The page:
“We basically do the 4-6 rule,” he said. “You use your hand. Go 4 inches over on either side of old tap – 4 inches over and 6 inches up or you can go down, too.”

 When drilling into the tree, McQuade said, he uses a 5/16th-inch bit.

Dustin McQuade, land and building manager at Shepherd’s Corner, attaches a collection bag to catch sugar collected from a sugar maple tree.

“That’s the size and that’s the size tap we’re going to use,” he said while tapping trees Feb. 25. “When you drill into the tree, you’re going to drill in with a little bit of an angle up, maybe 10% up. What I do, I put tape on my drill bit so I don’t drill too far. You don’t want to go too far into the tree.”

He said he enjoys the taste of the sap, likening it to Gatorade.

“Some people harvest the sap,” McQuade said. “There’s a lot of nutrients and minerals in it.”

“You can hear the sound change,” McQuade said.  “There’s two systems you can use (to collect sap): the buckets with tubing that comes out or you can use the bag.“

He said he has found the bag system to be the easiest method.

After collecting the sap, the syrup-making process advances to what’s called the Sugar Shack that was constructed from wood on the property.

He said it takes about an hour to boil 45 gallons of sap.

Land said it takes 40 to 43 gallons of sap to make one gallon of maple syrup.

“It depends on the sugar content,” she said. “We tap, and Dustin and I collect, boil it down and finish it off.”

In 2011, McQuade said, the center processed 28 gallons of syrup.

“It’s the most I’ve done,” he said. “We did 100 taps that year.”

Land said temperatures are a main factor when it comes to harvesting sap.

“You need below-freezing temperatures at night that creates a vacuum in the tree so sap flows,” she said. “We’re usually wrapping up in March.”

Kayla Long of Columbus, a sophomore environmental-policy major from Ohio State University, tapped trees for the first time Feb. 25.

“It’s really a cool thing to be part of,” she said. “It’s easier than I expected.”

Long said she volunteers at the center when she can.

“I started volunteering with gardening, anything they needed help with,” she said.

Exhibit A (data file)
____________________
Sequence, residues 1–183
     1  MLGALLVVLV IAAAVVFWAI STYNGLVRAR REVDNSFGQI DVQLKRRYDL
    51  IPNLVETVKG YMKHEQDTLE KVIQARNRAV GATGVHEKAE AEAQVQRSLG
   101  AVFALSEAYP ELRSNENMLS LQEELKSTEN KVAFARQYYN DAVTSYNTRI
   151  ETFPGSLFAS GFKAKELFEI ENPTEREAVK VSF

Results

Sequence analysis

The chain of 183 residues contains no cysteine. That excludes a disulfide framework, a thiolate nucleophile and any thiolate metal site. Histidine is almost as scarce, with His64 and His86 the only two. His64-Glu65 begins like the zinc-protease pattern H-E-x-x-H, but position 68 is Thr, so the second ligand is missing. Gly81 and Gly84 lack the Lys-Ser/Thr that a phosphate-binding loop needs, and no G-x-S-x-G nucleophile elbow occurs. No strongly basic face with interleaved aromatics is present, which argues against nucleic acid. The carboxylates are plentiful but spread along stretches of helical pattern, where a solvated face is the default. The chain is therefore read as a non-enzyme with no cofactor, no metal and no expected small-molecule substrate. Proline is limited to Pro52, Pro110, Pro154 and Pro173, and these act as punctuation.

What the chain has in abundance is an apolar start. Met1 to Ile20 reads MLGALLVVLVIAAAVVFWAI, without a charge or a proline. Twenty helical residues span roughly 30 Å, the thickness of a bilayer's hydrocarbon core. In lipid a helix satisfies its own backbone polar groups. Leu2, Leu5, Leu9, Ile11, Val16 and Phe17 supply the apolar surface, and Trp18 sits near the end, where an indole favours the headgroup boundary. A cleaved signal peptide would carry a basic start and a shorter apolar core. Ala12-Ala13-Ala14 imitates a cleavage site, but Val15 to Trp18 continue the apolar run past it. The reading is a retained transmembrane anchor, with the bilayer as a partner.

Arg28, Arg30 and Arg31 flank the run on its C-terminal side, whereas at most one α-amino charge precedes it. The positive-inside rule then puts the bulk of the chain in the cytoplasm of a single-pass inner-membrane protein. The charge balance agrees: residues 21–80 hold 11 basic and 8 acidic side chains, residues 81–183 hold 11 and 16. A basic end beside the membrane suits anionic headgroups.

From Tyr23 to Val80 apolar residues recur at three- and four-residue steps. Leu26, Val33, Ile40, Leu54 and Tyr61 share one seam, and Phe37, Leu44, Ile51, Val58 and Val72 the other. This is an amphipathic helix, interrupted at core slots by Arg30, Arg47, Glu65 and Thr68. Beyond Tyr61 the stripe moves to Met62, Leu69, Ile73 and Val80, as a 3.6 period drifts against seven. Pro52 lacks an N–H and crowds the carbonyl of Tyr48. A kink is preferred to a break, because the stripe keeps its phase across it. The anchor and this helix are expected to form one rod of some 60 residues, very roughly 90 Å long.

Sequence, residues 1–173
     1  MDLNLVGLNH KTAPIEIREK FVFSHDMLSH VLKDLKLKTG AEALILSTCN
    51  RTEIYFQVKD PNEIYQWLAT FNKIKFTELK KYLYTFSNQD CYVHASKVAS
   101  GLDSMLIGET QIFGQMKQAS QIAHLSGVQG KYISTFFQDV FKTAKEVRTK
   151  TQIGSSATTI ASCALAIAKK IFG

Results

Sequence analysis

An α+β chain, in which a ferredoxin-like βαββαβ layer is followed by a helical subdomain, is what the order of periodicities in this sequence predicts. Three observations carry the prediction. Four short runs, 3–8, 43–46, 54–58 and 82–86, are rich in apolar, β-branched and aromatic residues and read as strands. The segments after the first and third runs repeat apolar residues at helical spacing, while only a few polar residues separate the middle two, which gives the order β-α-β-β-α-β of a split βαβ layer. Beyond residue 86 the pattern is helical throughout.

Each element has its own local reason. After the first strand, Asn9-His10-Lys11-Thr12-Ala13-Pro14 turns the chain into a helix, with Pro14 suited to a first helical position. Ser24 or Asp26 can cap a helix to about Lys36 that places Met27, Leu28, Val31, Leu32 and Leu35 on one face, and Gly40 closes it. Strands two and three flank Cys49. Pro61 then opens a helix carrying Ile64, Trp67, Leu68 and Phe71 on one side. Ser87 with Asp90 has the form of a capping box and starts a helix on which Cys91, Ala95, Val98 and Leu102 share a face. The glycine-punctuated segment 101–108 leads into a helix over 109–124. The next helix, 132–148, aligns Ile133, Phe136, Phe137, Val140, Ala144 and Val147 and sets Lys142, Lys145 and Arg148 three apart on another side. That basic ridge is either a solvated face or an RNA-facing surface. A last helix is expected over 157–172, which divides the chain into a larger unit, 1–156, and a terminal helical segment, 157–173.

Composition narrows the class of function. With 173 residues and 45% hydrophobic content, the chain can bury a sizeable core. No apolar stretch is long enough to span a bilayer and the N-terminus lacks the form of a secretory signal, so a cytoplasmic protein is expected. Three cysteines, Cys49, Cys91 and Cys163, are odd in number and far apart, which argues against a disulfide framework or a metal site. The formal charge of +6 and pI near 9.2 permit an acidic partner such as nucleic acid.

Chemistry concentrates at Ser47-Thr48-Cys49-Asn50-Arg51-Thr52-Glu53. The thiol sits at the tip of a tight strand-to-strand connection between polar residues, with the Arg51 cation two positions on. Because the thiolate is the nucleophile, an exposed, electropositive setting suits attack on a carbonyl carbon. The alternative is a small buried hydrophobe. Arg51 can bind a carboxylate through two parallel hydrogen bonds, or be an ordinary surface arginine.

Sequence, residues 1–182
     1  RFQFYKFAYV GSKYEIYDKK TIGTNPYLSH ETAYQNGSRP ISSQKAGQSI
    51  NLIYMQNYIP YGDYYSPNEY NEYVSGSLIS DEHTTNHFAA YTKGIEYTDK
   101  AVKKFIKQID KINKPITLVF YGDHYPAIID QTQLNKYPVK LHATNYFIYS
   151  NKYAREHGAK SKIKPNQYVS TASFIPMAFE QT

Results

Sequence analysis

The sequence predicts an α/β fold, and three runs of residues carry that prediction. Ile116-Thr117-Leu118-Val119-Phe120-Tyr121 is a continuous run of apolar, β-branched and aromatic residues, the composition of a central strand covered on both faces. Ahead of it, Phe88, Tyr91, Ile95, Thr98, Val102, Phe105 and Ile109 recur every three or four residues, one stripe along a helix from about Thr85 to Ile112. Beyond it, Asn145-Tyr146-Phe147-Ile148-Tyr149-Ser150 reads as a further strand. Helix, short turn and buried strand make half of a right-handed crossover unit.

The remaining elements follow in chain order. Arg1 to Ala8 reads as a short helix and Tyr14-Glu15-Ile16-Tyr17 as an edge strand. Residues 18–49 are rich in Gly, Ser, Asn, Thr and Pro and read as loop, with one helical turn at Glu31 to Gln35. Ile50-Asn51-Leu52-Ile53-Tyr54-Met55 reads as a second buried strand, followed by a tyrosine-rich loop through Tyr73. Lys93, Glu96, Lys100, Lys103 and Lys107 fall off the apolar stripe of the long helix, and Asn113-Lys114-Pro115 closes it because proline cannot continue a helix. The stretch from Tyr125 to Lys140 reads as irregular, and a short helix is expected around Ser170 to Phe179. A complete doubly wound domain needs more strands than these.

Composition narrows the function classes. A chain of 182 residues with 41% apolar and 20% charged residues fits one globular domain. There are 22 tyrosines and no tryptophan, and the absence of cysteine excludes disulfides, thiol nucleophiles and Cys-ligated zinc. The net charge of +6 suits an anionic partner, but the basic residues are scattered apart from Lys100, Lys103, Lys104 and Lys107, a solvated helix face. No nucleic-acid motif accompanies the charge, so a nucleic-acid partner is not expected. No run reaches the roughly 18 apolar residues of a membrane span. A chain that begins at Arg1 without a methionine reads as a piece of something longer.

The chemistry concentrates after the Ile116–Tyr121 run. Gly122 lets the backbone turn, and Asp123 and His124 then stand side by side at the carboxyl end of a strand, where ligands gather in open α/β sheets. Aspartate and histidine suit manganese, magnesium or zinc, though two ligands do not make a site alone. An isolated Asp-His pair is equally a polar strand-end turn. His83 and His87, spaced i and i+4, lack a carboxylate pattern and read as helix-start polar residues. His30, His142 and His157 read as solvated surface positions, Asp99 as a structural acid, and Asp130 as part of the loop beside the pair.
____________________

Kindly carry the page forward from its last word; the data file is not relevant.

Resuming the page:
Meditation trails
The center holds other activities that are open to the public throughout the year.

Beginning in April, from 10 a.m. to 3 p.m. Fridays, guests may tour the property for a suggested donation of $2 per person.

Anyone planning to visit should call 614-866-4302 or email

Visitors may walk meditation trails or two labyrinths.

“We have a whole series of meditation trails that are reflections on the land,” Van Buren said. “It’s a guided walk for visitors with stations.”

Each station offers something for the mind, body and spirit, according to the center’s website,

Each station has a sign with theme-centered facts, reflections and suggested activities, according to the website.

The Capitol Square Rotary provided funding, labor and assistance with the stations, and students from Upper Arlington High School also helped plan each site, according to the website.

Van Buren said the two labyrinths on the property are meant to provide peace, insight, comfort, healing, energy and connection.

The website describes it this way: “Walking this circular path provides a time of quiet and meditation and reminds us of our life journey with its twists and turns.”

Farm Fresh 5K
In 2020 and before, the center had been home to a garden, with the purpose to “grow to donate,” Land said.

Food has been donated to Gahanna Residents In Need and the Bishop Griffin Resource Center, serving residents in east and southeast Columbus, according to Land.

“We would donate as much as we could,” she said. “Food insecurity is a big thing.”

For this year, Land said, the center is partnering with Johnstown’s From Scratch Farm.